American Residential Properties is planning its first securitization of single-family rental homes. It may pay a penalty for coming late to the party, if spread widening on a recent deal from Blackstone's Invitation Homes is a guide. 

The deal, American Residential Properties 2014-SFR1, will offer $342 .67 million of securities backed by a single loan that is secured by a pool of 2,880 of single-family rental properties.  The floating-rate loan pays only interest for its two-year term and is extendable to a total of five years.

Deutsche Bank and JP Morgan are the lead managers.

Morningstar is the first ratings agency to release a presale report. It expects to assign a 'AAA' rating to the class A notes, which benefit from credit enhancement of 46%; 'AA+' to the class B notes with credit enhancement at 35.5%, ‘AA+’; 'A+' to the class C notes with credit enhancement at 27.9%; 'BBB+' to the class D notes with credit enhancement at 18.8%; and 'BBB' to the class E notes with credit enhancement at 7.1%. Also on offer are class F notes that the agency expects to rate ‘BBB-’.

The properties backing the deal are distributed across eight states and 24 Metropolitan Statistical Areas in the U.S.; however 80.4% of the portfolio is located in three states, Texas (36.9%), Arizona (29.1%), and North Carolina (14.4%). The average cost basis per property, post-rehabilitation, is $156,397 and the average current broker price opinion value is $170,007. The average age of the properties is approximately 12 years and the majority of the properties have three or more bedrooms (97.5%).  

American Residential Properties, on average spent only $8,771 to rehab the properties, which is substantially lower than other issuers, according to Morningstar. By comparison, American Homes 4 Rent spent on average of $19,682 rehabbing the properites backing its most recent deal.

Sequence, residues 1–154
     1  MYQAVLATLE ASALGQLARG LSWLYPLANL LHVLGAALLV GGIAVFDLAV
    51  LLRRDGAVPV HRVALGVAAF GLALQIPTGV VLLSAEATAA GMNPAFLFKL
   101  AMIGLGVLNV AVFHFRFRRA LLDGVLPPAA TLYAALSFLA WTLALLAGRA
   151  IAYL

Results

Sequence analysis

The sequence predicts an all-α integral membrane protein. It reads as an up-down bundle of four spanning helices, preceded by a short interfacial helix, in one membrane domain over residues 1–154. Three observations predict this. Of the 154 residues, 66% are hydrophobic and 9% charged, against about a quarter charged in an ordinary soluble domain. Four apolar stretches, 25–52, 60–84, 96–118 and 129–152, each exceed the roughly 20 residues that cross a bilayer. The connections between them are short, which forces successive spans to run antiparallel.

The pool has 116 vacant properties (approximately 4.0% by BPO value) and 104 properties are on month-to-month lease (3.4% by BPO value).  However, 114 of these properties have come off a previous lease and are proven rent worthy, according to Morningstar. The upfront delinquency rate was 0.5% of total monthly contractual rents or 0.15% of total BPO value.

This is only the eighth single-family rental securitization to be issued since Invitation Homes' inaugural deal last November. Inivatiation Homes' third deal, Invitation Homes 2014-SFR2, priced on Monday. Spreads were notably wider than its previous deal, which priced in May, with the junior notes pricing up to 100 basis points wider.

The triple-A rated notes at 110 basis points over the one-month Libor. The double-A rated notes sold at 160 basis points over one-month Libor, the single-A rated notes sold at 220 basis points over the one-month Libor and the triple-B plus notes sold at 275 basis points over one-month Libor. The bonds were sold at par.

By comparison, in the May deal, the senior, triple-A rated tranche priced at 100 basis points over one-month Libor, 10 basis points tigher. The deal’s double-A rated and single-A rated notes also priced 10 basis points tighter, at 150 basis points over one-month Libor and 210 basis points over one month Libor, respectively.

Further down the capital stack, the issuer sold the triple-B minus notes and double-B rated notes on its latest deal at 97.7 cents on the dollar. The bonds priced at 400 basis points (50 basis points wider than the May deal) and 450 basis points (100 basis points wider than the May deal), respectively, over the one-month Libor.

The widening shows that investors have pulled back from their “most aggressive stance” of the year, according to Interactive Data report. However these deals “continue to garner increasing participation rates and interest from the marketplace, indicating a healthy appetite still exists for the incremental yield offered by U.S. securitized products,” according to Interactive Data report.

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